• Pan Am (Lowell Line) through Manchester

  • Guilford Rail System changed its name to Pan Am Railways in 2006. Discussion relating to the current operations of the Boston & Maine, the Maine Central, and the Springfield Terminal railroads (as well as the Delaware & Hudson while it was under Guilford control until 1988). Official site can be found here: PANAMRAILWAYS.COM.
Guilford Rail System changed its name to Pan Am Railways in 2006. Discussion relating to the current operations of the Boston & Maine, the Maine Central, and the Springfield Terminal railroads (as well as the Delaware & Hudson while it was under Guilford control until 1988). Official site can be found here: PANAMRAILWAYS.COM.

Moderator: MEC407

  by cu29640
 
Some questions about this line. When was it single tracked with CTC sidings? When was it cut a through route and downgraded to a mere local branch line? How did the traffic drops so much from a line that was once double tracked (for a reason)...down to a few cars a day now.
  by newpylong
 
The last train on the Northern Railroad between Concord and White River was around 1978. (I do think there were a few detour trains a couple years after when there was an issue on the Conn River.) The line was the main freight and passenger route between Boston and Canada/Montreal. In the mid to late 70s Boston began to be severely downsized in regards to freight. For what little there was left it made financial sense to send it around to the Conn River Main and kill the route with no online carloads.

I don't know when the New Hampshire division NC to Concord was single tracked. I would ASSume around the same time or a little later when they redesigned a lot of trackage and laid all the "bankruptcy rail" down. It isn't. a branch line now though - still considered a mainline. The locals stay quite busy still out of Nashua.
  by cpf354
 
The route was first single tracked in 1952, IINM, from Tie Plant, just North of Nashua, to South Manchester, with a siding at Merrimack, and from Amoskeag, North of Manchester, to Bow, with a siding at South Hooksett. It was probably the first major main line single tracking project on the B&M.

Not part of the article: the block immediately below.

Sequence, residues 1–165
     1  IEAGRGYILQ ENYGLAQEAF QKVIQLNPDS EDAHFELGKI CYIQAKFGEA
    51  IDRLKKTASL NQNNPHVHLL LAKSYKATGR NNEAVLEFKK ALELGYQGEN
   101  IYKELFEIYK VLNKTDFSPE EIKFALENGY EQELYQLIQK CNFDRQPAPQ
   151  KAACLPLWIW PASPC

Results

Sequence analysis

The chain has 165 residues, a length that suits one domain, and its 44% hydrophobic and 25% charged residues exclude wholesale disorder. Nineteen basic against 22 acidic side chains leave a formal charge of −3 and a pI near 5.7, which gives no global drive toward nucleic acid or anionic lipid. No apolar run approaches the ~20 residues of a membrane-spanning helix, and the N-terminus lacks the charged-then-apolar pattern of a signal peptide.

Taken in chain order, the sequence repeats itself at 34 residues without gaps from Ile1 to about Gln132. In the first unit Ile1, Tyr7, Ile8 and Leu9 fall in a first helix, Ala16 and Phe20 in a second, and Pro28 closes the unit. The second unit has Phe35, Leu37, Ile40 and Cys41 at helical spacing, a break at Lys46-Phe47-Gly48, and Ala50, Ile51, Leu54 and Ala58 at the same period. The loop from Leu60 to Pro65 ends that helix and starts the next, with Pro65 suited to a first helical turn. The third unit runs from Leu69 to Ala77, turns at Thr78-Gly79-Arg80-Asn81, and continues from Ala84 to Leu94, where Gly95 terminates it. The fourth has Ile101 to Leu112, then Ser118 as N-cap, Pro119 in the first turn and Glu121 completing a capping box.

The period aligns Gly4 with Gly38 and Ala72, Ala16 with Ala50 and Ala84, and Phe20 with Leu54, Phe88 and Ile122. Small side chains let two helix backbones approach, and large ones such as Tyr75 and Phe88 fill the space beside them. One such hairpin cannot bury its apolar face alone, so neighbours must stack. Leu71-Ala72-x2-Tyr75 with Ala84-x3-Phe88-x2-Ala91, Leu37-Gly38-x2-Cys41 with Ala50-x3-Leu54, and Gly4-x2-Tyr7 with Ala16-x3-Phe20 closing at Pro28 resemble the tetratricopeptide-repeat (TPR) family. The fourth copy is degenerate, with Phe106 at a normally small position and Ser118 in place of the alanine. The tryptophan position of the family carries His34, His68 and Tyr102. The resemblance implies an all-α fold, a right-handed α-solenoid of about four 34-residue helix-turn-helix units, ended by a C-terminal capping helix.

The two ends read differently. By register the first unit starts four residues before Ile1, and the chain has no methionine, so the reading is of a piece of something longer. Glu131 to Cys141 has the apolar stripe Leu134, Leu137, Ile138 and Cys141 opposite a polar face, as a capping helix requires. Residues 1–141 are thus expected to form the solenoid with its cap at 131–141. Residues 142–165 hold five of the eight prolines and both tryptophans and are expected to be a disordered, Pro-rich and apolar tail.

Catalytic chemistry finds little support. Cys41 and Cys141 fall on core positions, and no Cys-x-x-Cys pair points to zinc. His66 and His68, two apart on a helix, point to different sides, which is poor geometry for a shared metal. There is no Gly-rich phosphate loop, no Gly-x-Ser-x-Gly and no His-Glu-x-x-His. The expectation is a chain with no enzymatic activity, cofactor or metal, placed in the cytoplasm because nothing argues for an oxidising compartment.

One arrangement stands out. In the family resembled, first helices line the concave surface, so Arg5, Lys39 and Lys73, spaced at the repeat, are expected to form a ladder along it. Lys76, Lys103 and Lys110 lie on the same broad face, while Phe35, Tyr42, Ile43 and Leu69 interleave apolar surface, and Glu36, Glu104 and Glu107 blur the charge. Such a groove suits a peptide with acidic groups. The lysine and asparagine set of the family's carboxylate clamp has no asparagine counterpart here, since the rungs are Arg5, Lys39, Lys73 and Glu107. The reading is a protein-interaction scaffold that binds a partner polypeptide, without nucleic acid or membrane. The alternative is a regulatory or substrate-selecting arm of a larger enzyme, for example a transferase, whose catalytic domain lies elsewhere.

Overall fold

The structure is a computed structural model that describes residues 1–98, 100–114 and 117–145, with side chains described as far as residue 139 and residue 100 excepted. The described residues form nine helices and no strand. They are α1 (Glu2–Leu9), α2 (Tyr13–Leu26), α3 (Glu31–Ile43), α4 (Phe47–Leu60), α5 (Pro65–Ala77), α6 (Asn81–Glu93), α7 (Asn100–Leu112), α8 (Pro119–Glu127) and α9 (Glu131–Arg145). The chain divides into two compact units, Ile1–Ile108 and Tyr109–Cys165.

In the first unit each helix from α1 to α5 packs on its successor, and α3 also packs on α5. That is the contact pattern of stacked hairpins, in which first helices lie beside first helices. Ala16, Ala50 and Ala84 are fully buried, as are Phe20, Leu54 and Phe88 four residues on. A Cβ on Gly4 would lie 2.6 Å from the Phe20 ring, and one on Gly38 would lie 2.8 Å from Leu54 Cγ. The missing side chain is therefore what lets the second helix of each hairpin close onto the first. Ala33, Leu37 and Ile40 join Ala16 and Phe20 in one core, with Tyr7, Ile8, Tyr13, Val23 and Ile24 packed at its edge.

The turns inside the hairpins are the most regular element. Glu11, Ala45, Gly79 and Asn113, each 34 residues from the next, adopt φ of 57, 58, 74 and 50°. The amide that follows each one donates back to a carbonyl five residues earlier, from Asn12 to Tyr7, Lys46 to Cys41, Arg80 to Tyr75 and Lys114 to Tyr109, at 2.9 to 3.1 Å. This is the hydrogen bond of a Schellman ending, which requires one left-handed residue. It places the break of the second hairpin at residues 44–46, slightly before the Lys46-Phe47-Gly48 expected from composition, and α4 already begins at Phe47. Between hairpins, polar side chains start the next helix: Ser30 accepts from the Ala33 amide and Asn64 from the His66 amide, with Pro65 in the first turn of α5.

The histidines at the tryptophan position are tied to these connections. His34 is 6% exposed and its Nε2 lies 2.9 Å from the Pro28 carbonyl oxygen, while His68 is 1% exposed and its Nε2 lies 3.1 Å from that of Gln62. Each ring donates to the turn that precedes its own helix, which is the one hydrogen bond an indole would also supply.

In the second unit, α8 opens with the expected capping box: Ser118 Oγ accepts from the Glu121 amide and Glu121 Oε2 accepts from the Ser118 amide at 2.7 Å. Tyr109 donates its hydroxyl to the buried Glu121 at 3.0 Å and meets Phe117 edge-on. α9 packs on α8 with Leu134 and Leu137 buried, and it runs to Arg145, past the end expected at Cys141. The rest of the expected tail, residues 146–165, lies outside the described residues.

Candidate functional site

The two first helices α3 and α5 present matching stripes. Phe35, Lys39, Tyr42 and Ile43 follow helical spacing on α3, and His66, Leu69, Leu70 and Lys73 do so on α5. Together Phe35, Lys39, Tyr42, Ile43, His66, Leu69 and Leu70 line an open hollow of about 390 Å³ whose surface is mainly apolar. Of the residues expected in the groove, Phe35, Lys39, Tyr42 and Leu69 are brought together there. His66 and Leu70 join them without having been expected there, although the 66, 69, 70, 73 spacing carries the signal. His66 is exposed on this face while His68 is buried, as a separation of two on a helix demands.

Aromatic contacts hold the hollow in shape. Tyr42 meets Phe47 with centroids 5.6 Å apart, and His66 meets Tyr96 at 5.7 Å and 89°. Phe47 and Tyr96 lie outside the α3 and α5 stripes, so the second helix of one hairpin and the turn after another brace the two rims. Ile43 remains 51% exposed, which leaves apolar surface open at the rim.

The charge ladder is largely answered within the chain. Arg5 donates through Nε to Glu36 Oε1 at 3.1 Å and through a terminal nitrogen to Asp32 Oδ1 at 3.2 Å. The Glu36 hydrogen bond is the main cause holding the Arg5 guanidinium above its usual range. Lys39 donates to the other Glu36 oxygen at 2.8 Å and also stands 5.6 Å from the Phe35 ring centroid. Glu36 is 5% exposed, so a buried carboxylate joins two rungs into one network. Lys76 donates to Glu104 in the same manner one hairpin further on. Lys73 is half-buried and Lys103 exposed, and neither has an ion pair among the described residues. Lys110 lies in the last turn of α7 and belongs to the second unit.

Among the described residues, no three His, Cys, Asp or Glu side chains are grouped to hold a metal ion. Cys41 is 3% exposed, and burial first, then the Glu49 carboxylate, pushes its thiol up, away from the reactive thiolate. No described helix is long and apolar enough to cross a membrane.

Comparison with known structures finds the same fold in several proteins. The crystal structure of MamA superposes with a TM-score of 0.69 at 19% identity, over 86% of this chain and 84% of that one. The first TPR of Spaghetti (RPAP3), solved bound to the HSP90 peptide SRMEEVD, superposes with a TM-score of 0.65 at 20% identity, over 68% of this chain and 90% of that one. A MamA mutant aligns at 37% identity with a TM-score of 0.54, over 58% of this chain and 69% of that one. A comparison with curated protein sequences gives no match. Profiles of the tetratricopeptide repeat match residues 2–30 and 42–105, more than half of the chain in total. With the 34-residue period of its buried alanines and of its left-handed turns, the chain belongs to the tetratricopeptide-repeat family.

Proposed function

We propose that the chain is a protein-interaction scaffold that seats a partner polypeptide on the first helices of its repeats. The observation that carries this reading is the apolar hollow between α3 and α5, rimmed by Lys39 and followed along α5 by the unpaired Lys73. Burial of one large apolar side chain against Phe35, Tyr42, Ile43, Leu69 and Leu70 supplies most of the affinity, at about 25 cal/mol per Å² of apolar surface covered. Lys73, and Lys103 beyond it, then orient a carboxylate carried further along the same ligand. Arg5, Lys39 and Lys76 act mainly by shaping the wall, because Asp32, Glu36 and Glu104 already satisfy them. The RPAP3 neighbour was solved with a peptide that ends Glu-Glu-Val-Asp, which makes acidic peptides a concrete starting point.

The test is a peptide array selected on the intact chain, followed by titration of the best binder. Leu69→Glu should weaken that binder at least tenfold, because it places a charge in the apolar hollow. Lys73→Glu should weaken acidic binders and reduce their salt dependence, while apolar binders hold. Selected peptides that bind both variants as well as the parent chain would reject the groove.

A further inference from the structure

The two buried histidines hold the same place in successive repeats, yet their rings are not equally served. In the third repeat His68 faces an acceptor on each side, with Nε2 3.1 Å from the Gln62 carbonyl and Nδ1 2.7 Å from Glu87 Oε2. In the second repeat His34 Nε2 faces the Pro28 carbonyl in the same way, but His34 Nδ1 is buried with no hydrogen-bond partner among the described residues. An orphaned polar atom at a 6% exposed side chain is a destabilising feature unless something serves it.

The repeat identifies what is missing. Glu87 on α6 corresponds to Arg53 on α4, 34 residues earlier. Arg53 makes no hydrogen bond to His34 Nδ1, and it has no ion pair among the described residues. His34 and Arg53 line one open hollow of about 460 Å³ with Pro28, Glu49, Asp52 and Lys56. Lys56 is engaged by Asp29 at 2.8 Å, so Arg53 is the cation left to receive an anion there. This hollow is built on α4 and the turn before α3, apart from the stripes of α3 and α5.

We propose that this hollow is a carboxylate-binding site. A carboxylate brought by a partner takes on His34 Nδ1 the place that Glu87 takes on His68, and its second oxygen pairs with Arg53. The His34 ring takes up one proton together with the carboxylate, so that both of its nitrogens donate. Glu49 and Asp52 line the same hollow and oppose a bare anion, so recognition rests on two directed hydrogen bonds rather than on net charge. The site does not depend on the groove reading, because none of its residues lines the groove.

Consider joining the Boston and Maine Historical Society if you have a curiosity about the history of the former B&M routes.
  by cu29640
 
Thanks. I would be interested in joining the B&M Historical Society. Any links I need to get there?

So what cause the loss for freight in the Boston area. (grown greatly in other areas)

And was the Manchester Route preferred over the CT River Line when the freight volumes were higher...because it was quicker? as they do end up in the same place.
  by TomNelligan
 
cu29640 wrote:Thanks. I would be interested in joining the B&M Historical Society. Any links I need to get there?
http://www.bmrrhs.org
So what cause the loss for freight in the Boston area. (grown greatly in other areas)
(a) Deindustrialization... the traditional manufacturing industries that once used rail freight have almost completely disappeared from greater Boston as well as the rest of southern New England. The soSoftware and biomedical companies and such that replaced them don't ship carload freight.
(b) Truck competition, which is usually faster and more economical for shipments under a few hundred miles.
(c) Railroad deregulation, which allowed railroads to drop customers that they considered unprofitable and concentrate on high volume shippers.
(d) The inflated cost of Boston real estate, which make railroad yards far more valuable as development sites. That's what has happened to former New Haven (South Boston waterfront), Boston & Maine (Northpoint and assorted other developments), and now Boston & Albany (Beacon Park) freight facilities.